These posts include a brief mention of a number of news items relating to climate change. They don’t preclude treating any of these topics at more length in a separate post.
They can also serve as an open thread so that we can keep each other informed on important climate news.
Clouds and climate sensitivity
Climate sensitivity is the temperature increase caused by a doubling of the trace gas CO2 in the atmosphere. The IPCC AR4 gave this as between 2 and 4.5 °C for short term “Charney” feedbacks, which is a large uncertainty range for such an important number. Clouds are largely to blame.
Recent research indicates less cloud cover as the sea surface warms. Thus uncertainty is taken away from the low side.
Gavin Schmidt of NASA GISS says:
what’s needed are models with even finer detail, and data on all different kinds of clouds. Nevertheless, evidence is building for a warming influence from cloud changes: Clement’s research shows that when the sea surface is warm there is less low cloud cover.
That’s right. Schmidt’s boss, James Hansen, using paleoclimate data, reckons the value for shorter term climate sensitivity should be 3C plus or minus 0.5C (see Storms of My Grandchildren) based on paleoclimate data. Hansen reckons that full climate sensitivity is more like 6C, pointing out that there was about a 5C differential between now and the last ice age. He also says that climate sensitivity is not constant for all climate states. As we warm he thinks it will increase.
Global warming shares the blame for Europe’s cold weather
That is according to Vladimir Petoukhov, a climate scientist at the Potsdam Institute for Climate Impact Research in Germany.
He says there are two main causes. One is a positive North Atlantic Oscillation (NAO) and the other low levels of sea ice in the Barents-Kara Sea, north of Norway and Russia. These two phenomena interact with and amplify each other. The latter is caused by global warming.
Other causes include reduced solar activity and changes in the Gulf Stream but are less strongly correlated.
Please note Petoukhov is not predicting the coldest European winter in 1000 years, nor is any other scientist. A story to that effect seems to have originated in a Polish tabloid newspaper, which made it up.
Arctic ice volume as of last September has never been lower
Climate Progress has a look at Arctic ice volume story.
Tamino, back in October, dealt with Arctic ice area which turned out to be the third lowest in modern times and smack on his longer term declining trend.
Veron on the world’s coral reefs
Climate Progress also features John “Charlie” Veron on the grim future of coral reefs this century.
the science is clear: Unless we change the way we live, the Earth’s coral reefs will be utterly destroyed within our children’s lifetimes.
On our current trajectory of increasing atmospheric CO2, we can expect that by 2030 to 2050 the acidification process will be affecting all the oceans of the world to some degree. At that point, the relatively cool, deep-water tropical regions that have offered refuges to corals from temperature stress will be those most affected by acidification.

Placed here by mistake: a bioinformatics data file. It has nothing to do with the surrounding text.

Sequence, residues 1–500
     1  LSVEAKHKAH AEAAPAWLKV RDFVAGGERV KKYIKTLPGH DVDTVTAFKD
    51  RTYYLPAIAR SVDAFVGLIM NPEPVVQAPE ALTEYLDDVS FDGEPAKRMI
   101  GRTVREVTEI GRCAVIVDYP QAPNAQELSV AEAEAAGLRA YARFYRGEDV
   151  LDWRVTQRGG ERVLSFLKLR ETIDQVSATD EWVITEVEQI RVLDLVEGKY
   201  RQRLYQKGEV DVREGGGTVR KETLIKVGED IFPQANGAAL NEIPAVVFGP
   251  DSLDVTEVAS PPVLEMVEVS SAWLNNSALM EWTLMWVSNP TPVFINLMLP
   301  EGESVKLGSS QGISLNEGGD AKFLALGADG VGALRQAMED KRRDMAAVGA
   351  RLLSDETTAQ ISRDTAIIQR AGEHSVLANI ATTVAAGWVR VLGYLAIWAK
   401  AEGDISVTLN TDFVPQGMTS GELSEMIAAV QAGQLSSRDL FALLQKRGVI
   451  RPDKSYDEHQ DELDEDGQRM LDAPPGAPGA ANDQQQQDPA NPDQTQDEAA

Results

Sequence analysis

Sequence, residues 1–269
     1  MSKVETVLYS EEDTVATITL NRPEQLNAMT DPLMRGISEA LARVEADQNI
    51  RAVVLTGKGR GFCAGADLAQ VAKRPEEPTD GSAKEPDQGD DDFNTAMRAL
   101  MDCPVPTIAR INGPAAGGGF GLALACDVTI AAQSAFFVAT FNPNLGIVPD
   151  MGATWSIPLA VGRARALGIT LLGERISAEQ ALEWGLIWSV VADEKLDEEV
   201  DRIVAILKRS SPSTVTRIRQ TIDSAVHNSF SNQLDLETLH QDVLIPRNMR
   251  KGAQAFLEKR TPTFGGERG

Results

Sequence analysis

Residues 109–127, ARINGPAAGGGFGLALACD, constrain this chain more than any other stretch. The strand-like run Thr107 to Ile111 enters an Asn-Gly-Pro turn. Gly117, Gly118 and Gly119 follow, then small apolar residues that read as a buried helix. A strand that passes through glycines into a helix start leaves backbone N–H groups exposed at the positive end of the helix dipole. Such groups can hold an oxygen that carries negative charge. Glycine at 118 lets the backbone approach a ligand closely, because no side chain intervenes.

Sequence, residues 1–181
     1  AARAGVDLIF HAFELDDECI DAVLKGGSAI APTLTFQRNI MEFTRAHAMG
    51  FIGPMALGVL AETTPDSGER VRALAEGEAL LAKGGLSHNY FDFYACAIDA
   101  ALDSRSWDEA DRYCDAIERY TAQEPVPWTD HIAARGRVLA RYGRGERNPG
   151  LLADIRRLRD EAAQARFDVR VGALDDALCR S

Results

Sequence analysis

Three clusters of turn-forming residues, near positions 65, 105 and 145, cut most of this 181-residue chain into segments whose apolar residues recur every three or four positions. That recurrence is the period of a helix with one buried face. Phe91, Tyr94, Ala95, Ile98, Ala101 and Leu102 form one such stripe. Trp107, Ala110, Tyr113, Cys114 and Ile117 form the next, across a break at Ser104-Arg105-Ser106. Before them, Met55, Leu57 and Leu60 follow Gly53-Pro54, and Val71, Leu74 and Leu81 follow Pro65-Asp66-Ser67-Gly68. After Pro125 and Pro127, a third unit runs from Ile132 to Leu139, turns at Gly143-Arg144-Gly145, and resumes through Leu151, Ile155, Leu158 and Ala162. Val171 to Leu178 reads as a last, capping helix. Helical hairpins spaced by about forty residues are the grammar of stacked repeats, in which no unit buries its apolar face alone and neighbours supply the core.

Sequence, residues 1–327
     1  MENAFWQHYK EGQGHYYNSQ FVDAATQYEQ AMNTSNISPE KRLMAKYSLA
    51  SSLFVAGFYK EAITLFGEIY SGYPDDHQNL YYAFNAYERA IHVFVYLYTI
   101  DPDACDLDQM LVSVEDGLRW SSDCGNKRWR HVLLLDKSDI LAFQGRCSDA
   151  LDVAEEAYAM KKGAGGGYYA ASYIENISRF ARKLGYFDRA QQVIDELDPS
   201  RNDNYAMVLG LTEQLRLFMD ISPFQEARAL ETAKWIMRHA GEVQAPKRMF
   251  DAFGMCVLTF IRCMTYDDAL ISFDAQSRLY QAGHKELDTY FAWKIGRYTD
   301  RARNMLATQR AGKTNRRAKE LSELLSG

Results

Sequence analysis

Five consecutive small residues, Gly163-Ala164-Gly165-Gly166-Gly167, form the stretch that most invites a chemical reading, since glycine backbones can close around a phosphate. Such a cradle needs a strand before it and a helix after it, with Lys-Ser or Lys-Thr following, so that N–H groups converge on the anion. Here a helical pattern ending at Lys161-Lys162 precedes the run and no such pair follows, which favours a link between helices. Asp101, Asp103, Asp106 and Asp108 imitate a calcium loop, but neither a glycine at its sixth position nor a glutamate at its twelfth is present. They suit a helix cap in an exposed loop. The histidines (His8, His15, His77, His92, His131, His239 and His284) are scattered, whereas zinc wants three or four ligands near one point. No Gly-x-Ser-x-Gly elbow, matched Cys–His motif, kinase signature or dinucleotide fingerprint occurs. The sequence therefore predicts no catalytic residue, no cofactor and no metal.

The atmospheric levels of CO2 we are already committed to reach, no matter what mitigation is now implemented, have no equal over the entire longevity of the Great Barrier Reef, perhaps 25 million years. And most significantly, the rate of CO2 increase we are now experiencing has no precedent in all known geological history.
Reefs are the ocean’s canaries and we must hear their call. This call is not just for themselves, for the other great ecosystems of the ocean stand behind reefs like a row of dominoes. If coral reefs fail, the rest will follow in rapid succession, and the Sixth Mass Extinction will be upon us — and will be of our making.
We won’t get a four metre sea level rise the but threat to tropical forests is ‘greater than suspected’
That’s according to a new review of climate predictions by the Hadley Centre.
Alaskan wildfires threaten runaway climate change
That’s according to a new study:
This is the first study to reveal that fires in the Alaskan interior – an area spanning 18.5 million hectares – have become more severe in the past 10 years, and have released much more carbon into the atmosphere than was stored by the region’s forests over the same period.
The carbon sink is becoming a source.
It’s crawling with life down there
For something a little different, John D sent me this link about an extensive biological community living in porous rock deep beneath the seafloor in the basalt layer. The pool of organic carbon down there is about the same size as the pool of atmospheric carbon dioxide. This alters our ideas of the oceanic carbon cycle.
I was reminded of a similar article in the New Scientist where they found life in the gabbroic layer below the basalt.
And back on the local scene
Two climate change activists chained themselves to a conveyor belt carrying coal to one of Australia’s largest power stations on Saturday, temporarily shutting the belt down.
Xstrata said its own mining operations had not been disrupted, but at least they tried.